c. attempts to determine one's gender identity.
d. confusion brought about by the heavy drinking and drug use sometimes seen among adolescents.
83%, .33. Of Erikson's "Eight Ages of Man", this is the one that affects adolescents and young adults, so it's probably closest to your hearts!,
14. Researchers believe that severe fear reactions suffered in childhood cause a certain mental disorder. A new discovery shows that the disorder is really caused by the lack of a specific enzyme. The disorder will now change in classification from what to what?
a. somatogenic to psychogenic
b. hysterical to psychoanalytic
c. psychoanalytic to pathological
d. psychogenic to somatogenic*
85%, .41. Somatogenic theories attribute mental illnesses to biological causes, like genetic or hormonal defects. Psychogenic theories attribute mental illnesses to psychological causes, like mental trauma or a history of fear conditioning. Psychoanalysis is a particular form of psychogenic theory, involving infantile sexuality, conflict, anxiety, and repression.
15. Gender has been identified as a risk factor for:
a. general paresis.
b. posttraumatic stress disorder.
d. dissociative fugue.
79%, .54. It's just an epidemiological fact that women are at somewhat greater risk for depression than men. One theory is that men are simply less likely to complain of being depressed, and so less likely to receive the diagnosis. But it's also possible that some forms of depression are related to changes in female sex hormone levels.
16. In psychiatric classifications, a syndrome is
a. a pattern of signs and symptoms that usually occur together.*
b. a form of disorganized thinking associated with schizophrenia.
c. the key symptom for identifying each psychiatric disorder.
d. a mental disorder that causes physical damage.
93%, .42. Syndromes are like categories, and signs and symptoms are like features.
17. Research regarding the possible genetic bases of schizophrenia reveals that
a. the concordance rate for identical twins is higher than for fraternal twins.
b. children born of schizophrenic mothers and adopted by nonschizophrenic mothers are more likely to be schizophrenic than adopted children of nonschizophrenic mothers.
c. the incidence of schizophrenia increases the more closely one is related to a schizophrenic individual.
d. All of the above.*
88%, .25. All of these, A-C, are evidence for a genetic diathesis in schizophrenia. The diathesis is not decisive, however, because the concordance rate for schizophrenia in identical (monozygotic) twins is far less than 100%.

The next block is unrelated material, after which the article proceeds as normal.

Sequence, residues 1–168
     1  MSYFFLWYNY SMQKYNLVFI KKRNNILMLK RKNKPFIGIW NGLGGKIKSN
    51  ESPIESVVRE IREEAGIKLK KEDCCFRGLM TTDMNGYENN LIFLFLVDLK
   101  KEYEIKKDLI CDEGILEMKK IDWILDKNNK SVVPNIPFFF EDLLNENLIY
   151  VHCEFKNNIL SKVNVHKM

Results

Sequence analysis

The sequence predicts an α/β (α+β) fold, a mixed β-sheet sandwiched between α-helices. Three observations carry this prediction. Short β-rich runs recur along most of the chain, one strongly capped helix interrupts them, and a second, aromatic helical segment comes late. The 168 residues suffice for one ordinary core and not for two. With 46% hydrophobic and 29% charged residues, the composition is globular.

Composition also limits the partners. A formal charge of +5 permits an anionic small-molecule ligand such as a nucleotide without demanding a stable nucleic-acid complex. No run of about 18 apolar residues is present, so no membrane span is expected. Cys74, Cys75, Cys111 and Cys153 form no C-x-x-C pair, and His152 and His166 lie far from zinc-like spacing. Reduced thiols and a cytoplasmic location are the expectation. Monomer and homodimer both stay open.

18. With respect to the genetic components of mood disorders, it has been shown that
a. concordance rates for both identical and fraternal twins are the same.
b. genetic factors play a stronger role in bipolar than unipolar disorder.*
c. mood disorders are generally inherited through matrilineal descent.
d. the same genetic factors give rise to both uni- and bipolar disorders.
67%, .38. What goes for schizophrenia also goes for the affective disorders, but the MZ concordance rate for bipolar disorder (also known as manic-depressive illness) is substantially higher than for unipolar disorder (depression).
19. What is the main difference between generalized anxiety disorder and panic disorder?
a. Panic disorder involves specific objects or events while generalized anxiety disorder does not.
b. Panic disorder is chronic while generalized anxiety disorder is not.
c. Generalized anxiety disorder is brought on by stress while panic disorder is not.
d. Panic disorder is intermittent while generalized anxiety disorder is not.*
59%, .35. Panic disorder is like phobia, in that it is elicited by certain kinds of objects and situations. In contrast, generalized anxiety disorder is -- well, generalized: the patient feels anxious under lots of different circumstances.And panic disorder comes and goes, while anxiety disorder is pretty much always with the patient.
20. Which of the following describes the interaction between dissociative disorders and memories of childhood abuse?
a. Dissociative disorders always cause false memories of childhood abuse.
b. Childhood abuse always causes dissociative disorders.
c. We do not know for certain whether dissociative disorders make false memories of abuse more likely or if abuse leads to dissociative disorders.*
d. Dissociative disorders and childhood abuse are unrelated.